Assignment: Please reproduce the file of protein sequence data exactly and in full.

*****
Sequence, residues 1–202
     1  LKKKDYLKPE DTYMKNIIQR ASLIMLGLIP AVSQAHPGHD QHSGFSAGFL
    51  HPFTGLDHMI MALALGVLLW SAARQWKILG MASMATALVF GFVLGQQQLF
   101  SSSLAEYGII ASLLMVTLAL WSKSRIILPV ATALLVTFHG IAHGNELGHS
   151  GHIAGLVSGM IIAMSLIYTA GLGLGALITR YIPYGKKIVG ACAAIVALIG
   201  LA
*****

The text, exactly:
Sequence, residues 1–202
     1  LKKKDYLKPE DTYMKNIIQR ASLIMLGLIP AVSQAHPGHD QHSGFSAGFL
    51  HPFTGLDHMI MALALGVLLW SAARQWKILG MASMATALVF GFVLGQQQLF
   101  SSSLAEYGII ASLLMVTLAL WSKSRIILPV ATALLVTFHG IAHGNELGHS
   151  GHIAGLVSGM IIAMSLIYTA GLGLGALITR YIPYGKKIVG ACAAIVALIG
   201  LA